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The Organic Food Movement Is an Insufferably Classist Waste of Money

6 minute read
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I am 47. I say this for reference. Correction: more as an admonishment. I grew up in the 1980s, the decade of big hair and bigger shoulder pads. In short, a time when excess and indulgence were still cool. That being said, indulge me. Here goes:

I hate the whole organic food movement. Notice I said “movement,” because it is the mindset that is perverse and insufferable.

My hatred stems from the fact that this trend is a repudiation of my own working class background. Eating organic is eating more expensively and, in my opinion, often unnecessarily.

Just this morning as I was drinking my morning coffee with milk (more on this later), I almost choked when I saw the latest report on “Good Morning America.” The “next big super drink” sweeping the country in 2015, according to GMA, is organic birch tree water. The water is actually the sap from birch trees tapped in early spring. Sounds very pastoral, almost nostalgic of a simpler era, something out of a Norman Rockwell painting.

Think again.

A quick search with Amazon suppliers indicates that this tree sap is like liquid gold. It is hard to come by, except if you happen to be a native of a Slavic country. A case of this forest juice, which equates to 10 bottles, is $24.95 — without shipping. Give me my store-brand bottled water or, better yet, water that comes out of my kitchen faucet.

I do not think it is wise to have to budget for simple hydration. Can you say fad? Remember coconut water?

People who eat primarily organic are the same hipsters who make their little ones toil in community gardens after picking them up from child care cooperatives. What they can’t harvest, they buy in small shops that sell two dozen kinds of honey, and enough soy and tofu to choke a cow.

I don’t know about you, but the only time I ever had honey as a kid was when I was sick. It was added to my mug of Lipton tea and came out of a little golden bear-shaped squeeze bottle. (And in my budget challenged household, we re-used the tea bag.)

And as for cows, they are regarded as one moo short of pure evil by people who fear the possibility they may be treated with antibodies or growth hormones and steroids. The organic foodies raise children who may never experience the lush, velvety feel of a milk mustache. Instead, they get the flat, chalky aftertaste of some almond-based alternative milk product.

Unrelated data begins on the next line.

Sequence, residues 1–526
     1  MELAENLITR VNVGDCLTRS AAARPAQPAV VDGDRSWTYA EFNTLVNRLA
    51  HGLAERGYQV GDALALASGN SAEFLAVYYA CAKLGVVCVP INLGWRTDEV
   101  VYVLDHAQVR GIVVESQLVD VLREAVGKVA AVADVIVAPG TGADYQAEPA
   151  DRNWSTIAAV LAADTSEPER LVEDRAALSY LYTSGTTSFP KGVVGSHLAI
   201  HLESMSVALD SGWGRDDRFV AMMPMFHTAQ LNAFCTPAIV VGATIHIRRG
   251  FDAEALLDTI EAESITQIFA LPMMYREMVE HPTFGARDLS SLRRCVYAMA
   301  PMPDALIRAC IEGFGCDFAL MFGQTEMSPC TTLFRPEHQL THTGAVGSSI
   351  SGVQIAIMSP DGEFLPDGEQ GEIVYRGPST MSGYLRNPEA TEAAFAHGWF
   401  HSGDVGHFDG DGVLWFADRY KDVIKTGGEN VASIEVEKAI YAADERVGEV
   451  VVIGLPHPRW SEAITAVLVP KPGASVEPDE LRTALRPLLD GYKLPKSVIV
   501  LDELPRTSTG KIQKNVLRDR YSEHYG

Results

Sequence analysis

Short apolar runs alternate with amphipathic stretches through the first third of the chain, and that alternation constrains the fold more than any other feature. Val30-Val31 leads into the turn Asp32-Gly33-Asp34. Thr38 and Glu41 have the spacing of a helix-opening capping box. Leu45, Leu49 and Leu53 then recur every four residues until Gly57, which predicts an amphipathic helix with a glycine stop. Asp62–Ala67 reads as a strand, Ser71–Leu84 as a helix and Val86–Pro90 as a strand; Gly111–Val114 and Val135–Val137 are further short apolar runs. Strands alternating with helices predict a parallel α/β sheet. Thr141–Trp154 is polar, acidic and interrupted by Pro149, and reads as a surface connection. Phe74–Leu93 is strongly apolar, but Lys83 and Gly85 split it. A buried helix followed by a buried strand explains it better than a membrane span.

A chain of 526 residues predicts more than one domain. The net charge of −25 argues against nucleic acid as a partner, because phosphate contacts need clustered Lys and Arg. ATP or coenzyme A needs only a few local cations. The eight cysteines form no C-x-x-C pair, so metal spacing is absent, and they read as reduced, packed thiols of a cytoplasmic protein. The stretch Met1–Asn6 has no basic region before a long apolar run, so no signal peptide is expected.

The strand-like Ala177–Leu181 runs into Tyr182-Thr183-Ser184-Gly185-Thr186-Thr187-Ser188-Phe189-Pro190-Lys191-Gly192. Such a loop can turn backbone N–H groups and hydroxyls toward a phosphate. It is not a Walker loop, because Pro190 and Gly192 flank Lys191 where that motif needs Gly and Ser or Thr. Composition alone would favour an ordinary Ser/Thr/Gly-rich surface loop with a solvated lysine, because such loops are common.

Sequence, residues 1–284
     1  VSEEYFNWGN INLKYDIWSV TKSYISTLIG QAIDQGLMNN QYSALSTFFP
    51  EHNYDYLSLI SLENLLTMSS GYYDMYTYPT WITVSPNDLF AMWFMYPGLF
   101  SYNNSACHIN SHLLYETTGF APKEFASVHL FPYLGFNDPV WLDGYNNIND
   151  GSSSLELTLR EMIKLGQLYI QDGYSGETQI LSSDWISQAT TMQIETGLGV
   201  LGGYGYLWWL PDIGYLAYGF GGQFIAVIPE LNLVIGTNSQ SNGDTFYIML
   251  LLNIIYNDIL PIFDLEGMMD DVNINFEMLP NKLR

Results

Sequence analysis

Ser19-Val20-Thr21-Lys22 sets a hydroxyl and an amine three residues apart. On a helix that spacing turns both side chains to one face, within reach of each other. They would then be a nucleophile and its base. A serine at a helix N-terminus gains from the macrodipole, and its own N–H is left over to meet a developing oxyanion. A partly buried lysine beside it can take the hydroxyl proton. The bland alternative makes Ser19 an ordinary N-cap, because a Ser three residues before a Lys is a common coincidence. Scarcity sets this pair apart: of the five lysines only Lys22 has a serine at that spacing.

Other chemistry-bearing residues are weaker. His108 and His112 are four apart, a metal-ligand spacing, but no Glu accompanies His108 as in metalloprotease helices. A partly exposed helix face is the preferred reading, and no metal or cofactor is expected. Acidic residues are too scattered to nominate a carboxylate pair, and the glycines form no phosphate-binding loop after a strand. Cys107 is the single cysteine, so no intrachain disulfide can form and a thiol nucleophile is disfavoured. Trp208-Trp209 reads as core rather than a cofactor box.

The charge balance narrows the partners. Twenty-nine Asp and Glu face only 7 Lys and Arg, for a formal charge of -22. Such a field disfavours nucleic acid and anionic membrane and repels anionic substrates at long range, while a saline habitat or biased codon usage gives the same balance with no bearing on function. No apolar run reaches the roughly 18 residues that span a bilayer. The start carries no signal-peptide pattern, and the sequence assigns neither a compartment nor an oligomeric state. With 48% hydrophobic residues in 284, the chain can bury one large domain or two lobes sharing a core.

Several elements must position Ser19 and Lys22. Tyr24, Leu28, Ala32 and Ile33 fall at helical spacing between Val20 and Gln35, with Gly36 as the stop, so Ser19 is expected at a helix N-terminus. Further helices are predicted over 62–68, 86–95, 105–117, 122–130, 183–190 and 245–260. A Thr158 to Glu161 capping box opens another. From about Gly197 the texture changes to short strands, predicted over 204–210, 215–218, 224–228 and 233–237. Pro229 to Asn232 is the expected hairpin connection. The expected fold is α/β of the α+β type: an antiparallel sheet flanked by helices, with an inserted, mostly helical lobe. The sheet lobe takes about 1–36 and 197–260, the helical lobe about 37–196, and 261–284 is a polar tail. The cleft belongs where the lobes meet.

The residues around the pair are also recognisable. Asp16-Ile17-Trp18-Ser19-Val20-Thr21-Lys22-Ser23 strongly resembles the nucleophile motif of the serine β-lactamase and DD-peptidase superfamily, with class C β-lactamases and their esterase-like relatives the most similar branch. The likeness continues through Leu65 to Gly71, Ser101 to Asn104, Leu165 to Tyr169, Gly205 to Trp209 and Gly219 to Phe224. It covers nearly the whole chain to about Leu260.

Rather than dunk Oreos rich with refined sugars, they wash down carob biscuits baked with agave.

I am not going to argue the health benefits of an organic diet. Medical studies come and go, but there is no conclusive evidence which says eating organic is eating more nutritiously. And the verdict is still out on taste differences. Although those who have tried birch tree water say it is an “acquired taste,” and have likened it to flavored medicine. Yummy.

I fear, however, that some of these all natural choices (all the friggin’ time) are leading us down a strange path.

Let’s face it: When you remove “bad calories,” and “unnatural additives,” you cut out the fun, and not trim it either. Ask any person on a diet if they are happy. But at least on a diet there are cheat days.

The comforting lethargy that follows a big dish of processed macaroni and cheese (made with the little envelope of bright yellow powder) is never experienced by organic foodies or their progeny. Instead of lolling on the couch, they are busy reading labels to determine if what they ingest is locally sourced. I like farmers as much as the next person, but as a city gal, agriculture was never my strong point.

In fact, part of the expense of organic products is the extra inspection and certification by government agencies. This cost to the producers is passed down to consumers. The organic foodies are ever vigilant that their foods are not produced by methods that employ chemical fertilizers or pesticides. Granted, poisons in the food chain should be avoided. It is not like I aspire to be first on the toxic food line.

But I have to confess that the adage, what you don’t know, won’t hurt you has served me well.

There is even organic food in the marketplace for our family pets. Funny, I don’t have a desire to spend more to feed my own three beloved dogs and feel good about myself as a pet parent. I would rather donate the money to an animal shelter.

There is a superiority among the organic foodies and a class distinction that goes beyond pure consumerism. I might be sensitive about my blue-collar upbringing, but digging deeper in your pocket does not mean you are spending wisely.

People who shop in supermarkets, buy in bulk, or clip coupons are not discriminatory, well-informed, or hip enough to live in the same neighborhoods for many organic foodies. Organic food, which has earned prime shelf space, is muscling out some of the less expensive choices, and is making it harder to stretch a dollar.

In short, my own dad, who was a bus driver, could never have afforded the lifestyle enjoyed by these purists. In my day, eating TV dinners and canned foods was good enough. Blissful ignorance? Maybe.

I might have evolved to the point where I prefer fresh (or at least frozen) produce over canned varieties, and meat from a butcher rather than a plastic tray. I have been known to avoid any packaging that has more than three polysyllabic ingredients that I cannot pronounce.

But don’t take away my Oreos.

Andrea Della Monica wrote this article for xoJane.

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